UK architect Norman Foster’s design for a complex overlooking Red Square in Moscow gets a bit of a slam in Thursday’s NY Times, unless “glorified mall” is a compliment. The massive project will be the biggest development in the Russian capital since the fall of the Soviet Union, and departs from Foster’s usual ground-breaking designs, settling on a kind of neo-classical cheese. What’s interesting is the building it will replace: the legendary Hotel Rossiya.
Once the largest hotel in Europe, the gargantuan concrete Rossiya (“Russia”) covered a whole city block and contained 3,000 rooms. I stayed in the Rossiya in 1987 during a student trip to Moscow (and what was then still called Leningrad). I was 16 years old and had heard the rooms were all bugged, so my roommate and I wrote each other notes whenever we felt our conversations were “sensitive” (like, when we wanted to talk about how we thought the rooms were bugged). Surreality abounded; an engraved metal sign in the lobby described some hotel rules or features in perfect English, except that every instance of the word “is” was spelled “iz.” My post-modern sense of design hadn’t yet been honed by Wallpaper magazine, or I would have probably been more impressed with the restaurant: a gigantic, multi-level wedge-shaped space with a ceiling covered in gold-painted cylinders of varying length, from which hung massive golden starburst chandeliers. I seem to remember light blue carpet, too. Today it could have been the coolest ironic nightclub in the world.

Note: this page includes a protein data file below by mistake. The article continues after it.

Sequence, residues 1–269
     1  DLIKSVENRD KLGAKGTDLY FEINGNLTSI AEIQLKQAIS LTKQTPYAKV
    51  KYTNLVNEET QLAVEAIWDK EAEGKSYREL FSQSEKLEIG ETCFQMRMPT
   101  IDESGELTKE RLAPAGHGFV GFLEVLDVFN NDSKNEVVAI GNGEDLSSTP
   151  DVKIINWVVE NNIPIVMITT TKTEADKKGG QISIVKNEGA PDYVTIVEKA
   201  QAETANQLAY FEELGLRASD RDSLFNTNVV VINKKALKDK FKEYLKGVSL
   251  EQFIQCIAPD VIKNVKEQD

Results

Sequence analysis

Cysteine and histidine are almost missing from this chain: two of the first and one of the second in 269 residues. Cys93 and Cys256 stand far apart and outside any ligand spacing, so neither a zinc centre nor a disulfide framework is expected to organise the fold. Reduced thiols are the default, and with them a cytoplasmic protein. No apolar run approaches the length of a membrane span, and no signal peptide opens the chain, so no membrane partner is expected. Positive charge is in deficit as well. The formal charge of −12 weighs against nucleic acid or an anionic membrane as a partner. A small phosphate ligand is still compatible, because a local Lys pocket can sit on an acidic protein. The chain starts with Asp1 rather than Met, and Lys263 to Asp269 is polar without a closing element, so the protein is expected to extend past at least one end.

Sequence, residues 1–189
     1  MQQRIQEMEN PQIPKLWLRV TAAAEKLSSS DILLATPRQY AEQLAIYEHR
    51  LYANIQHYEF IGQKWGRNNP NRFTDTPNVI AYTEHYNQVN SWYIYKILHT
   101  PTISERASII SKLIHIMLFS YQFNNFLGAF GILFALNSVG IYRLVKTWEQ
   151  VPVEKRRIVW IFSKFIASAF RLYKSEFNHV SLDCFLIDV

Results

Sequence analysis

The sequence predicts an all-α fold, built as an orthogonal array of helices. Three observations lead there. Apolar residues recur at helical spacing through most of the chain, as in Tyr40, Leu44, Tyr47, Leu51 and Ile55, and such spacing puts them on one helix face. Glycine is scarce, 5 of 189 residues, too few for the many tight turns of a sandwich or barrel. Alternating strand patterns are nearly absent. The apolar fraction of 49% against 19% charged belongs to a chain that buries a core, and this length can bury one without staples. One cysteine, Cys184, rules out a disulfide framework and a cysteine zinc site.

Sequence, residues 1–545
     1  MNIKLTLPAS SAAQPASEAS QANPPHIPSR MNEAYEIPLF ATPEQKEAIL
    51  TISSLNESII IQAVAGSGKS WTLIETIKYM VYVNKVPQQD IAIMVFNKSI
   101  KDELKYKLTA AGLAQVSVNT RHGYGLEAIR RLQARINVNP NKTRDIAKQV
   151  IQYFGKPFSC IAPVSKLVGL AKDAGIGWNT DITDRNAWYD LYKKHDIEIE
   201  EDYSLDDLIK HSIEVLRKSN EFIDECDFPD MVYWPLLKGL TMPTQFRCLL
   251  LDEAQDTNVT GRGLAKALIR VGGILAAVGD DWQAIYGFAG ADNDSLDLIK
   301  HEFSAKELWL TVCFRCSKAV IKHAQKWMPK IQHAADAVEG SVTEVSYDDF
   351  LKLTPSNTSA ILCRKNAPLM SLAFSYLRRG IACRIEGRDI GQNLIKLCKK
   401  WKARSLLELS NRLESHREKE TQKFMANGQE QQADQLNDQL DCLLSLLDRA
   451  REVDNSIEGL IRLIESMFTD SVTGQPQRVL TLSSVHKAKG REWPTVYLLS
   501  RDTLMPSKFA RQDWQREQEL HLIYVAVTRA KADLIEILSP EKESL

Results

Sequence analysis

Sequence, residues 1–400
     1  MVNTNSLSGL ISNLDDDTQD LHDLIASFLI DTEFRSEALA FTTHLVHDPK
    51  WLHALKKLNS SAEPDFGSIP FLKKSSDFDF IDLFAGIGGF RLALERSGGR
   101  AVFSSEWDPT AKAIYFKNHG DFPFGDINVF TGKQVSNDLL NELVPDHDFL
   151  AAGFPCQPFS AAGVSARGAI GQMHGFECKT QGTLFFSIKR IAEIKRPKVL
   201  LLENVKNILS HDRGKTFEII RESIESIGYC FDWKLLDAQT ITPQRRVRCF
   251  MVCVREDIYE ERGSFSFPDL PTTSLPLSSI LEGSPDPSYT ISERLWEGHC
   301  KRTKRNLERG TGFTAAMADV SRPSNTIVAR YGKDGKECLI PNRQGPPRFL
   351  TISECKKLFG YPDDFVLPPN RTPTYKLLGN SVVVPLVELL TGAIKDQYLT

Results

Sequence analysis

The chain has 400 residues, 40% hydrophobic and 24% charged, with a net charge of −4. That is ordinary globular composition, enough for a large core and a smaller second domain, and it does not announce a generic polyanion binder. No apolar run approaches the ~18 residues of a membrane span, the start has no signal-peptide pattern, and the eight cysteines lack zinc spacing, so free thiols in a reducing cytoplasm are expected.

The Rossiya is now almost completely demolished, and I’m oddly nostalgic, although as the Times notes, it’s best not to be sentimental about architecture in Moscow. The city seems bent on replicating the worst mistakes of capitalism while erasing any evidence of Communism, leaving a kind of Tsarist Disneyworld. The Times ends the article optimistically, noting the emergence of Russian architectural preservationism and the historical accuracy of some aspects of Foster’s plan. But one look at the under-construction Federation Tower (whose promotional lighting has inspired Muscovites to call it “Mordor Disco”) and I can’t help but feel a sense of vertigo, as Moscow hurtles down a path to who knows where.